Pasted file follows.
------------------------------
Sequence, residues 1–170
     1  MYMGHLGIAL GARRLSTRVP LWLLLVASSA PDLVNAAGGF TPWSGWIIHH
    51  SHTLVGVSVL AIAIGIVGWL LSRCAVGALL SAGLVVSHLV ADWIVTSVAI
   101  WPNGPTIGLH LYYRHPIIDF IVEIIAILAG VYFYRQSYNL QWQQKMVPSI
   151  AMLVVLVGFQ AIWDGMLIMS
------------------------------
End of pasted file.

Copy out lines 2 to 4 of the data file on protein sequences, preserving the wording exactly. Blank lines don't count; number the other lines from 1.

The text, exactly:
     1  MYMGHLGIAL GARRLSTRVP LWLLLVASSA PDLVNAAGGF TPWSGWIIHH
    51  SHTLVGVSVL AIAIGIVGWL LSRCAVGALL SAGLVVSHLV ADWIVTSVAI
   101  WPNGPTIGLH LYYRHPIIDF IVEIIAILAG VYFYRQSYNL QWQQKMVPSI